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A simple branched covering is a branched covering with branching points of degree at most 2, in some context, it is also required to have at most one branching point in each fiber.

My question is one of the exercises from Donaldson's Riemann Surface: every Riemann surface can be realized as a simple branched covering over sphere.

Donaldson mentioned this result once again in chapter 14 when he talked about Hurwitz moves. And Donaldson said it was by Riemann-Roch theorem.

There is one proof in section 8 of http://www.jstor.org/stable/pdfplus/1970748.pdf?acceptTC=true&jpdConfirm=true, but it used more than Riemann-Roch.

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  • $\begingroup$ Take a divisor of $\text{genus}+1$ points (crucial). Riemann-Roch says that the space of (nonconstant) meromorphic functions with (at worst) simple poles on the divisor is nonempty. $\endgroup$ – Chris Gerig Nov 6 '14 at 23:49
  • $\begingroup$ That only proves it's simple over infinity. It may have other branch points? $\endgroup$ – ZZY Nov 8 '14 at 0:08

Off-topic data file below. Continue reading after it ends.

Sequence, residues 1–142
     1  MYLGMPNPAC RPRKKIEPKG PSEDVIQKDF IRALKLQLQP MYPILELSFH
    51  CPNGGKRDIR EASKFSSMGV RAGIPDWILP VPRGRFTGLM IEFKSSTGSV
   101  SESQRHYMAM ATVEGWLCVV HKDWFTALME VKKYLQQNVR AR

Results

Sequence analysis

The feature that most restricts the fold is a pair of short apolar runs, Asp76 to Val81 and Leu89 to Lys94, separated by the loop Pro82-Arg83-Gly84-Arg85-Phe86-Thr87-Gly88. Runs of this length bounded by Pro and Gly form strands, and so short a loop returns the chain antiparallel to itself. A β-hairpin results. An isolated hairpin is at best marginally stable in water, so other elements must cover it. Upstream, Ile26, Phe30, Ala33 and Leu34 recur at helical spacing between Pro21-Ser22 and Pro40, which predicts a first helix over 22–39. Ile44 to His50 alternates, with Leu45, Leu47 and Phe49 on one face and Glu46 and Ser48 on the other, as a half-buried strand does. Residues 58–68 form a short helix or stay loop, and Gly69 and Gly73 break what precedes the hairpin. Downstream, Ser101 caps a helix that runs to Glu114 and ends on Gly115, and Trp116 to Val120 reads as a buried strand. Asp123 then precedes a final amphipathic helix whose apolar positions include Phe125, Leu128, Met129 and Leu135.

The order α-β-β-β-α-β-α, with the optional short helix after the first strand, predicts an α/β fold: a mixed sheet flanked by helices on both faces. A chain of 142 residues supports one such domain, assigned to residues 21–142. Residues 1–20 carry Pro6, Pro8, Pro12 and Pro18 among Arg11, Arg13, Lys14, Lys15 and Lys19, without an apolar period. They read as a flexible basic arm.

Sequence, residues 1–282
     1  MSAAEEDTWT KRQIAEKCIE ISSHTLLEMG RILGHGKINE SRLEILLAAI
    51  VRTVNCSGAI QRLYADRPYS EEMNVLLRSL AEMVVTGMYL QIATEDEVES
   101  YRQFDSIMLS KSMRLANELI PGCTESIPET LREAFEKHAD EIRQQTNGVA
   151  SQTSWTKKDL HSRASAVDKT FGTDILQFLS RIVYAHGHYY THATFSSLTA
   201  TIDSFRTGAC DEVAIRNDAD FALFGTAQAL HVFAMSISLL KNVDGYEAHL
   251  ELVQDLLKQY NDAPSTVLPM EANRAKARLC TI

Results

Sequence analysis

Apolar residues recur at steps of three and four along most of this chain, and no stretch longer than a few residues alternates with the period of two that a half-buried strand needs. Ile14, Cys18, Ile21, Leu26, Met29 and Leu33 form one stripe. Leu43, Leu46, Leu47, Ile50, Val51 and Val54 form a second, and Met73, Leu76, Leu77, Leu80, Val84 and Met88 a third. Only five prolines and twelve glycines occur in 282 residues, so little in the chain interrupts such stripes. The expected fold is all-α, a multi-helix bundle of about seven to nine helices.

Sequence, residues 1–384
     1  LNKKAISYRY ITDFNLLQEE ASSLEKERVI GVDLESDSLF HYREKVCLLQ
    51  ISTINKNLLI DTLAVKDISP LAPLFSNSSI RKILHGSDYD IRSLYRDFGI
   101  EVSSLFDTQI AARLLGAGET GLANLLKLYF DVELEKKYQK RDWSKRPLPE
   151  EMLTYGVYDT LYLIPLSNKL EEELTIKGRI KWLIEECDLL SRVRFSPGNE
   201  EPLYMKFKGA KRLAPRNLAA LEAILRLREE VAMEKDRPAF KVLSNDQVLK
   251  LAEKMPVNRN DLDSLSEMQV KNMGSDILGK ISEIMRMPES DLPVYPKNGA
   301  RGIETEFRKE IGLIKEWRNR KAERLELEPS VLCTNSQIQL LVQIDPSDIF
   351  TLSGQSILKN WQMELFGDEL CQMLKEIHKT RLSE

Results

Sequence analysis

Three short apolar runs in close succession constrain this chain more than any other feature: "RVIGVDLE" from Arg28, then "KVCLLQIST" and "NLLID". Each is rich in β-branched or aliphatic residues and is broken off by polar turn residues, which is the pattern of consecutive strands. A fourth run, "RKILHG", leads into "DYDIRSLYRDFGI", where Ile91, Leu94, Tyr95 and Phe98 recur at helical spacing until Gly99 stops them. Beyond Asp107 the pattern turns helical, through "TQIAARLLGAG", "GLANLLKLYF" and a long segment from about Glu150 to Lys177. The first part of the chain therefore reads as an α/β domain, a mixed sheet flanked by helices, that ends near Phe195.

• $\begingroup$ Right, and now I don't see how you can deduce anything further. You can use Riemann-Hurwitz to see that it is possible for this branched cover to have degree 2 and 2g+2 simple branch points. And we can construct this explicitly, it's given on pg105 of Donaldson (Figure 7.3), generated by 180 degree rotation. $\endgroup$ – Chris Gerig Nov 8 '14 at 5:02
  • $\begingroup$ We tried that, but it only proves for g=2, it can be seen by dimension counting, real dimension of genus g surface is 6g-6, and for the rotation one, it's 2g+2 punctured sphere, so it's 4g-2, they are same iff g=2. And it's just the fact every genus 2 surface is hyperelliptic. One can use other special topological branched cover to prove for some other special genus, every such surface can be realized as branched cover of sphere with the fixed topological type. But it's hard for me to generalize to every genus. $\endgroup$ – ZZY Nov 9 '14 at 5:48
  • $\begingroup$ Huh? The 180 degree rotation quotient map is an example of a simple branched covering for any genus, where the surface has said symmetry. $\endgroup$ – Chris Gerig Nov 9 '14 at 8:20

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